“What do I do if there is a warrant for my arrest?”

If there is a warrant for your arrest, it is essential that you have an experienced attorney who can get the warrant set aside and assure you have the best possible chance of securing a low or personal bond.

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Get a Warrant Set Aside and Secure a Low or Personal Bond

Has a warrant been issued for your arrest? There may be no reason for you to see the inside of a jail cell. Hiring a well-qualified, effective, and experienced defense lawyer right away can give a defendant enough advantage to get a reasonable bond, avoid time spent in jail, and possibly get charges dismissed. Appearing for arraignment on a warrant in Michigan is scary, but with the right legal representation, you have your best hope of a low or personal bond.

A criminal defense lawyer can also arrange to be present at the initial court hearing, called an arraignment, and obtain a reasonable or personal bond. A person charged with a felony or misdemeanor should never appear in court without a lawyer present to protect and defend them. An attorney can help a client by minimizing charges, assisting the client in avoiding arrest, advancing a defense strategy, and proactively collecting favorable evidence.

Arraignment May or May Not Follow an Arrest in Michigan

An arraignment on a warrant in Michigan is a hearing before a judge or magistrate. The defendant enters a plea at the arraignment hearing, and the judge determines an appropriate bond. The bond is an amount of money deposited with the court to assure that the defendant will return to court and not commit further crimes. A skilled, savvy defense lawyer will advocate for a personal bond. A personal bond is a promise to appear and abide by all bond conditions.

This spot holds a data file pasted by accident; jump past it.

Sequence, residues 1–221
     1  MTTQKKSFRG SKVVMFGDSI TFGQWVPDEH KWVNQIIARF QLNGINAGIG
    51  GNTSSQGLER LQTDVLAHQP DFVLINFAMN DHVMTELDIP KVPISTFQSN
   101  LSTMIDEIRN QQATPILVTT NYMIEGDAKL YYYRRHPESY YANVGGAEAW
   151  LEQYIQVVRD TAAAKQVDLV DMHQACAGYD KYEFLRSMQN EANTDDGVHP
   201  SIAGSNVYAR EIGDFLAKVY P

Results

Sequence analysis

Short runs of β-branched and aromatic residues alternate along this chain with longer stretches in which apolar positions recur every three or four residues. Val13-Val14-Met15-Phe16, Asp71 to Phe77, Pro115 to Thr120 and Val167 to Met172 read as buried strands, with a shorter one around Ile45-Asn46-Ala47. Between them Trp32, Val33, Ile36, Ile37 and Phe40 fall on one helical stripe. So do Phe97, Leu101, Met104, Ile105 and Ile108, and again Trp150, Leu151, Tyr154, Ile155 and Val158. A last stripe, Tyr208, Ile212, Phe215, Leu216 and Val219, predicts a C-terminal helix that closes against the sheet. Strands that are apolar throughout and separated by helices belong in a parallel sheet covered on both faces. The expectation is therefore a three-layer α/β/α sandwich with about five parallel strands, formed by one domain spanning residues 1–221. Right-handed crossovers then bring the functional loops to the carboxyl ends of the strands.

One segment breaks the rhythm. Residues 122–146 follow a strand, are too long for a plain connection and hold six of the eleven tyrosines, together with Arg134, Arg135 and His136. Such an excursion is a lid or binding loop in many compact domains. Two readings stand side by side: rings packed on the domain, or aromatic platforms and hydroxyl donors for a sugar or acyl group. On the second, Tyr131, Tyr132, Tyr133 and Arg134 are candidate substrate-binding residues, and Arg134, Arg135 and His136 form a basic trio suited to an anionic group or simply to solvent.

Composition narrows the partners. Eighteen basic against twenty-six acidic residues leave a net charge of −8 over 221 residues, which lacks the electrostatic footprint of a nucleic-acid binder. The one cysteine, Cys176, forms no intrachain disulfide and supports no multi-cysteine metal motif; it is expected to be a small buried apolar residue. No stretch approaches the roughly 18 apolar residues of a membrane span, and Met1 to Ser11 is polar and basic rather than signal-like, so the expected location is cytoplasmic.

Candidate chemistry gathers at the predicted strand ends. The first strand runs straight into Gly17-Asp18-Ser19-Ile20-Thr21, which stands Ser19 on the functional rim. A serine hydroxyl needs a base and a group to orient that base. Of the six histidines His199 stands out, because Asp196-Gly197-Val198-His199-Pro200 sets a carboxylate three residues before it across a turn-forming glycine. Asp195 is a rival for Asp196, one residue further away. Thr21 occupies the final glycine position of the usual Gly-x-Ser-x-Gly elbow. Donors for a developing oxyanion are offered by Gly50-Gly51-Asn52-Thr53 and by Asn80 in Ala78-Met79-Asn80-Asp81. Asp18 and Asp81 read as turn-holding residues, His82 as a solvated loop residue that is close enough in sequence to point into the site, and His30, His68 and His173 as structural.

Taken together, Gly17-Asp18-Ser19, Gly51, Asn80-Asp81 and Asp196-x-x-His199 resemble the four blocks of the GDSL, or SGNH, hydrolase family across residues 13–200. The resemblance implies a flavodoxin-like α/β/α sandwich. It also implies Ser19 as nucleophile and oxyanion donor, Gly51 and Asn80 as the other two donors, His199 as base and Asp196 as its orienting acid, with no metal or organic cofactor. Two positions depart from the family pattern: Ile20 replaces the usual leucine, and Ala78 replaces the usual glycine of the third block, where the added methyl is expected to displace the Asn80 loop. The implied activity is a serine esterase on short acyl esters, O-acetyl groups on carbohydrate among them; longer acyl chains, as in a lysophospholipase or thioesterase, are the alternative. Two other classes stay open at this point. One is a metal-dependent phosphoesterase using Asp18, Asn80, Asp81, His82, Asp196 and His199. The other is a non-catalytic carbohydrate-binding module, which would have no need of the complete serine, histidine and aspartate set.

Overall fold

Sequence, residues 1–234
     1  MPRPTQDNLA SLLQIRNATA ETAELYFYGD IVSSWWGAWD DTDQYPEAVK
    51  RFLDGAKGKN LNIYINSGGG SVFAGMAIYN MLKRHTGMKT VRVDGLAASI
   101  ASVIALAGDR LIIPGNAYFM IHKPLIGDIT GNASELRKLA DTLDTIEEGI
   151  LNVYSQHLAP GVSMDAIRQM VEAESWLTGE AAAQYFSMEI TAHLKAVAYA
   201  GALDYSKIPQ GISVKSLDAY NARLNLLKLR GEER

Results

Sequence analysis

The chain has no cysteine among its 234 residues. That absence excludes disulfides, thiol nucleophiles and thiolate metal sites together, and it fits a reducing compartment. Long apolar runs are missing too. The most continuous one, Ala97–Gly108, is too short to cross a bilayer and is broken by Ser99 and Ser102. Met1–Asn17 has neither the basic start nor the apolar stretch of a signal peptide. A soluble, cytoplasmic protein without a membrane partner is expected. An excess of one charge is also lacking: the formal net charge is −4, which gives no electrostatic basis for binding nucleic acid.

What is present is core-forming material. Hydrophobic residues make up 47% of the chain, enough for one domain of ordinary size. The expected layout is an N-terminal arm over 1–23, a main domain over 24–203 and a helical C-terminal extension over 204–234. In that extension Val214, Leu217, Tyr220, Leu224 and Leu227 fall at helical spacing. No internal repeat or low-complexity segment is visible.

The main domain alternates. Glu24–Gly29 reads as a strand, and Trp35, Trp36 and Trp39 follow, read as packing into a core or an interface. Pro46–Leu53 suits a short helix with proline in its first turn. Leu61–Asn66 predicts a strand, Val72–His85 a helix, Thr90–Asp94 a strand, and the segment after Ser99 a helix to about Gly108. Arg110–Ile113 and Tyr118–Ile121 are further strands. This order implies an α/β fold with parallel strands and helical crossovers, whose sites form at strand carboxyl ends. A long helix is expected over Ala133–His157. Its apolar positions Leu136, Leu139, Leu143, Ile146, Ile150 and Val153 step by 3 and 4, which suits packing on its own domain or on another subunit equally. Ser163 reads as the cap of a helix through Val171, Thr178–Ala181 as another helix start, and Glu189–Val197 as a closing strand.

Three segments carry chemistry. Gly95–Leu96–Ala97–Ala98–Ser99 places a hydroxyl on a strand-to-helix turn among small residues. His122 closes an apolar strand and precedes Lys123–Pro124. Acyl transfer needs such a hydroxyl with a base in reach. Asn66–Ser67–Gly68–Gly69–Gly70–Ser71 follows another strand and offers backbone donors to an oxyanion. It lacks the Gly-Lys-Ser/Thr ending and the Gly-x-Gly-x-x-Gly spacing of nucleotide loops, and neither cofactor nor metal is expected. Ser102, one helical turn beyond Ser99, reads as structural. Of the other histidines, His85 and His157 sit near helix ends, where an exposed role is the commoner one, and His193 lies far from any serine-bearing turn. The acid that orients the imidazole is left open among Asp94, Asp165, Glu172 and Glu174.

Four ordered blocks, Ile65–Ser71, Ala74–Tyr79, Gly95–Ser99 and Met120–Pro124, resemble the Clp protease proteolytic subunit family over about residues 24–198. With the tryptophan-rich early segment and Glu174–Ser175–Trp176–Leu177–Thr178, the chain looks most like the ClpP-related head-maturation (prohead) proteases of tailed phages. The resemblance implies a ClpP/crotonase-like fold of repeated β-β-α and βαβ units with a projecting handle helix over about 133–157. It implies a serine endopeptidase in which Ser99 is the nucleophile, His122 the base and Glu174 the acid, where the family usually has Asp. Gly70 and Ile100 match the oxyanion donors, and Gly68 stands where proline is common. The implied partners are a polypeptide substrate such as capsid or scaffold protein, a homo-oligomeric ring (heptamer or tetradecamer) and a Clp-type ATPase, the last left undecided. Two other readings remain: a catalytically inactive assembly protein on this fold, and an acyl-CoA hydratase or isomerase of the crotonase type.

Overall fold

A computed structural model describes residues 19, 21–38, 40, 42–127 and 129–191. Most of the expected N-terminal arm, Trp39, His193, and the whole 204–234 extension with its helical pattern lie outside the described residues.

Arrest Without a Warrant in Michigan

A person arrested for a crime and held in jail must be brought before a judge or magistrate within a couple of days for arraignment. The judge takes a plea, usually a “not guilty” plea, and sets a bond (also known as a bail amount) at the arraignment on a warrant. The bond’s purpose is to ensure the defendant stays out of further trouble and returns to court. A bond can be personal and does not require a cash payment. A bond can also require the deposit of money with the court or a payment to a bondsman. The defendant has a right to privately hired counsel. There is no right to a court-appointed lawyer at the arraignment. The lawyer’s job at the arraignment is to do everything possible to convince the court to order an affordable bond for the client. A high bond that results in the client’s incarceration will likely have a detrimental impact on the charges’ outcome.

Arrest With a Warrant in Michigan

In some cases, a person is arrested and released pending an investigation. It might take a prosecutor several days, weeks, or months to authorize criminal charges in these cases. When charges are issued, an arrest warrant is entered into the Law Enforcement Information Network (LEIN). After the warrant is entered into LEIN, the police can arrest the defendant at any moment. To remove the warrant from LEIN, the defendant must appear in court for arraignment, and the magistrate will set an amount of money required to post a bond. An experienced and adept defense attorney can help reduce the funds needed to post the bond. In fact, the defense attorney’s capability can make the difference between the defendant remaining free on bond or awaiting trial in county jail.